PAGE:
Seattle's True Independent Film Festival

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Seattle True Independent Film Festival (STIFF) was started in 2005 by a group of filmmakers whose feature film Swamper was rejected by the Seattle International Film Festival. STIFF was modeled after the Slamdance Film Festival in Park City UT as a way to champion local and true independent films that they felt were being left out of the local film program. The Stranger film critic, Andrew Wright described it as “like a belch in church (in the best possible way)” All films that screen at STIFF receive a one-of a kind award called a “STIFFY”. Past STIFFIES run the gamut from “Best Buddy Movie”, to “Hottest Zombie”. On average, STIFF receives over 600 submissions per year and screens over 125 films as part of the nine-day event.

In 2013 STIFF announced they would go forward as The Seattle Transmedia and Independent Film Festival and in addition to showing independent film would include categories for new media, video games, video art, digital comics, music videos and storytelling with emerging technologies. STIFF is Seattle's first festival devoted to exploring the new frontiers of immersive storytelling, i.e. virtual reality (VR), augmented reality (AR), and 360 degree films.

In 2015 STIFF ran a successful Kickstarter campaign to provide a Transmedia Gallery free to the public during the 2015 Festival. The gallery re-opened as the Pop-Up Shop 5000 University Way NE, Seattle WA 98104.

STIFF is the second largest film festival in Seattle with year-round programming at 2 locations in the International & University District.

Forget SIFF get STIFF.jpg

Venues[edit]

STIFF takes place at multiple venues throughout Seattle and strives to screen movies at unique theaters that serve food, beer, wine and alcohol during the screening. In 2012 STIFF moved to the University District screening films at the Grand Illusion, Jet City Improve Theater and Lucid Lounge. Past venues have included the Seattle Art Museum, Northwest Film Forum, The Jewel Box at The Rendezvous’, Central Cinema, The Showbox and Nuemos.

(L to R): Brian Shelley, Moby, Clint Berquist, Jessica Foss

Music and comedy[edit]

The festival has grown in the past several years to include music and comedy with performances by such notable musicians as SassyBlack (Cat, of THEESatisfaction), Metal Chocolates, DJ OCnotes, Moby and comics Emmett Montgomery, Derek Sheen & Daniel Desrosiers.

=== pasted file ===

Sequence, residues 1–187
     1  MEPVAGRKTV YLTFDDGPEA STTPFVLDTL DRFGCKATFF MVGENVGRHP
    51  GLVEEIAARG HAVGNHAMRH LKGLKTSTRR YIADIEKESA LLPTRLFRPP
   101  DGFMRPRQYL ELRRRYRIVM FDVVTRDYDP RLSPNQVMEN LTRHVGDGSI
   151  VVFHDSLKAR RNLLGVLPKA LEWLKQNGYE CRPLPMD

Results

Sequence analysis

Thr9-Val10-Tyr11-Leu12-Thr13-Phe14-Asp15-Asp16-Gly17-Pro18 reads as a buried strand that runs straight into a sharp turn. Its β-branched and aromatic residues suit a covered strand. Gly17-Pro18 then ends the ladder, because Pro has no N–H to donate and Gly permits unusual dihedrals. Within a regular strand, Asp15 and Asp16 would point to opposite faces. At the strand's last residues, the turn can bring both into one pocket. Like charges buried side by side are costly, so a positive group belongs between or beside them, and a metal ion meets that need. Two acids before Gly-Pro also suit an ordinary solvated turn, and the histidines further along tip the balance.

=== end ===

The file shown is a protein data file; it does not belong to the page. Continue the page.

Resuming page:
Leadership[edit]

The festival is currently managed by Timothy Vernor (Executive Director) with Will Chase (Program Director) and Warner Boutin (Marketing Director). David Ayala is the current president of the board of directors.

History. STIFF was the brainchild of Clint Berquist, who retired from the festival in 2010. Kevin Gilbert served as the first STIFF program director and retired after the 2007 festival concluded to focus on his acting career and Mixed Martial Arts. Program Director duties were taken over at that time by Brian Shelley who also retired in 2010.

STIFF Nights[edit]

From September 2006 - 2009, STIFF began hosting a monthly screening series at Central Cinema called STIFF Nights. The goal was to feature an up-and-coming True Independent film. STIFF Nights was currated by Spencer Fornaciari screened award-winning films such as Beach Party at the Threshold of Hell, Murder Party, Blood Car, SNUFF, High Score, and Nerdcore For Life.

HUMP! censorship flap[edit]

STIFF got into a censorship flap with a printer (Wright Business Graphics) when they refused to print their program on moral grounds that it had an advertisement for The Stranger's HUMP! contest. Renowned indie director, and STIFF alum Lynn Shelton has since directed a film about that contest called Humpday which was accepted into the Sundance film festival and many other festivals.

External links[edit]